Keep an eye out and stay safe, everyone! And don’t forget to check out the store… things are tough all over, but we have some great games for awesome prices there.

You can also join us on Patreon for monthly goodies:

Thanks so much for your support.

– Ed

Living Campaign – An Update!

The Era: The Consortium Living Campaign has now been running for just under 3 months and we’ve seen a lot of changes to the Consortium as a result!
(Asking “What is the Living Campaign?”? – read this!

We’re about to publish the first official update of the position in The Era Zone Issue #5, and I wanted to share it with all of you first! Here’s what’s happened:

  • A strange group of Sentient Beings, not matching any known race of the Consortium was reported arriving at Ceridwen. They disappeared from the station after shutting down various areas, seemingly taking nothing with them.
  • The same group of creatures were spotted shortly afterwards on Gateway 2, the Resistance station in the Outer Damara System. They killed several individuals and took Dr Phil Adams hostage, along with several of his weapons prototypes.
  • A riot occurred among the prisoners who were building warships at the shipyards in orbit of Clota. This was contained with minimal damage, and the stolen ships were returned by Admiral Bryce Christoffer.
  • A Consortium Task Force, with members from each of the Big Eight, destroyed Gateway 2, the Resistance base in Outsystem Damara. Two parts of this space station remained intact and escaped, though not without Resistance casualties.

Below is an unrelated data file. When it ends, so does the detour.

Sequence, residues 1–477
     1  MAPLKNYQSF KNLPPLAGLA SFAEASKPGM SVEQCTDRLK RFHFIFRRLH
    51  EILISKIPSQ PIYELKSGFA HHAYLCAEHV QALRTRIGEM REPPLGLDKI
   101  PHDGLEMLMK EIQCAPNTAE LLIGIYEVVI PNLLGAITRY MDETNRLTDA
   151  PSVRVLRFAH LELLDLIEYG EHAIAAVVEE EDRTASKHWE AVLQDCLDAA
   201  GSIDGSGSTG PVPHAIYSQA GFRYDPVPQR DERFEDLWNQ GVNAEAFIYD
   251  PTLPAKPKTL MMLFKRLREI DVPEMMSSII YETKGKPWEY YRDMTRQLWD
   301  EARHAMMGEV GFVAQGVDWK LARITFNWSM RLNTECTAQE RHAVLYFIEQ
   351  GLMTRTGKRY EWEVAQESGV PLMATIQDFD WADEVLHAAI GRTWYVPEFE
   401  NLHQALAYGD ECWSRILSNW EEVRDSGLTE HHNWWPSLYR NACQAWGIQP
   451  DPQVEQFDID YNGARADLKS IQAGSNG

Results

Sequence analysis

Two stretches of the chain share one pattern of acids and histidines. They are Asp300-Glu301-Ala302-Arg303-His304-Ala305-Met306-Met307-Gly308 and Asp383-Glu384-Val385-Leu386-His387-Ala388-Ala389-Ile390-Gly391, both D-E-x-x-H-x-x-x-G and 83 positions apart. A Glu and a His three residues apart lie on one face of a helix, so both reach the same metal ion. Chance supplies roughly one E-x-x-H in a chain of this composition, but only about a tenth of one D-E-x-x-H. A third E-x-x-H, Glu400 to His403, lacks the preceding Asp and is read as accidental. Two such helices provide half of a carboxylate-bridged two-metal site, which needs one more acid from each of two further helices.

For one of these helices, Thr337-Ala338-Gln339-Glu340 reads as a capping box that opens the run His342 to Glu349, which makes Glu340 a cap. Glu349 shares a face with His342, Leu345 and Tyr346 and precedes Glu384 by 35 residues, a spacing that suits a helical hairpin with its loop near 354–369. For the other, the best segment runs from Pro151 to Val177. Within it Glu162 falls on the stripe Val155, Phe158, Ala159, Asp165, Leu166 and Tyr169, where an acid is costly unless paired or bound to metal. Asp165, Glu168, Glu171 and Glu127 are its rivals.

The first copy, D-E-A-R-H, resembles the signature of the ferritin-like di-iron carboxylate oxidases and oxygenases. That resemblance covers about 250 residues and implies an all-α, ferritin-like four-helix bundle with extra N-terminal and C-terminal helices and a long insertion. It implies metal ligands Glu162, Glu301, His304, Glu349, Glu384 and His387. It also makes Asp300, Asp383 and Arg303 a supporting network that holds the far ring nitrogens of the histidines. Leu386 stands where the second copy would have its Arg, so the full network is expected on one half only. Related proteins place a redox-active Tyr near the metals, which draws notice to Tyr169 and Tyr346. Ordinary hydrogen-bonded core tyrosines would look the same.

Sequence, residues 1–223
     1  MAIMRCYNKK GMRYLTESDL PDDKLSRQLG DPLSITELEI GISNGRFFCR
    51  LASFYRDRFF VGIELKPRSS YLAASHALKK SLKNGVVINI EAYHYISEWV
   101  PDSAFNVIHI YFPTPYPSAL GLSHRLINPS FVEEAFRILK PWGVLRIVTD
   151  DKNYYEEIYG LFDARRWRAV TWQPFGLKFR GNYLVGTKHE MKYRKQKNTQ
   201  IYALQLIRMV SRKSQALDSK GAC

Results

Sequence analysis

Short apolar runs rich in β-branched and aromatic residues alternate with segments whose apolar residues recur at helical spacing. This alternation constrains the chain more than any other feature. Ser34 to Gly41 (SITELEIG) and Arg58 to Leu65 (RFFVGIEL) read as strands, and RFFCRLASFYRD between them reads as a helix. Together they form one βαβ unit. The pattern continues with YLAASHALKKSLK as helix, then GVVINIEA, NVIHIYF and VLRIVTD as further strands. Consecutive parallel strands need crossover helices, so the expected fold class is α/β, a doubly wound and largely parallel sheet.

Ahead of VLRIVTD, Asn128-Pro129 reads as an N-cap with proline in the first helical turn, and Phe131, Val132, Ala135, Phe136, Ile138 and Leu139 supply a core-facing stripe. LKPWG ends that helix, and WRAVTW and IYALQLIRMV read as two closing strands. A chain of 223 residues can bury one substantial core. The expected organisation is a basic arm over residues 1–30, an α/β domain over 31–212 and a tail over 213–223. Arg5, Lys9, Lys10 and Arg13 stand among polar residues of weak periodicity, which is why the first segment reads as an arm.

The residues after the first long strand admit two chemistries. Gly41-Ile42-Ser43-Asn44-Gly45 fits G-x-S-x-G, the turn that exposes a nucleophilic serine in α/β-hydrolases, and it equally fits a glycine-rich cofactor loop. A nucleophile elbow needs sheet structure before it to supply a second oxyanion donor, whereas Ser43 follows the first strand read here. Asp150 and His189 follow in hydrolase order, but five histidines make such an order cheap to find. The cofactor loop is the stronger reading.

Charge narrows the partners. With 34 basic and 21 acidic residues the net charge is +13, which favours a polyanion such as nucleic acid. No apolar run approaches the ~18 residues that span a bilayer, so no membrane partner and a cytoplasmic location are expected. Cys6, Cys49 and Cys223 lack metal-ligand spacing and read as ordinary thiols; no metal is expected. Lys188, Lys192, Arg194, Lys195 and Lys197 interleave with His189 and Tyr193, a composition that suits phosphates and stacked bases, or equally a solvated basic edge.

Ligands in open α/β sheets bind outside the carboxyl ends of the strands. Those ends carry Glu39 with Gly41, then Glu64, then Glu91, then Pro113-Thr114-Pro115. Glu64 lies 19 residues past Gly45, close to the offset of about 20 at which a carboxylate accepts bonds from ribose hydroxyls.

• Several of this Task Force flew a ship full of children to the Outsystem Combine, and Consortium relations have improved with them as a result.
  • Several Consortium personnel defected to the Resistance during the Task Force’s activities, changing the balance of power in this region.
  • Commander James Lynks was captured and handed over to Hardcastle Haulage, which was a significant blow to morale for the Resistance in the Damara system.
  • Zweihander Unit recovered Dr Amanda Charles and a mysterious ship for the Resistance after boarding Ceridwen station. Their base was later destroyed through unknown means, and the ship was lost. The personnel assigned to the unit itself survived, as they were on a mission.
  • An Open Technology base on Belisama mysteriously exploded, with the loss of all base personnel. This has been assumed to be a Resistance attack, which has damaged their reputation in some areas and improved it in others.
  • A building in the Geso District of Taranis is first breached by Smertios Security, with numerous personnel lost, and then is bombed to destroy it. This is a public relations nightmare for the Consortium, increases the Resistance’s foothold on the homeworld of the Consortium.
  • The Consortium carried out an elaborate sting attack near Labbonus against the White Scythe. By having the Resistance capture a decoy ship, rigged to self-destruct, and hand it over, they eliminated a number of key leaders of the pirate organisation, strengthening their position in the region.
  • Falcata Unit, of the Resistance, managed to steal a transport full of artifacts leaving Sirona and convert some of the crew to the Resistance.
  • A Senate-funded team investigated and eliminated pro-Resistance smuggling operations on Abnoab, strengthening the Consortium’s grip on that planet.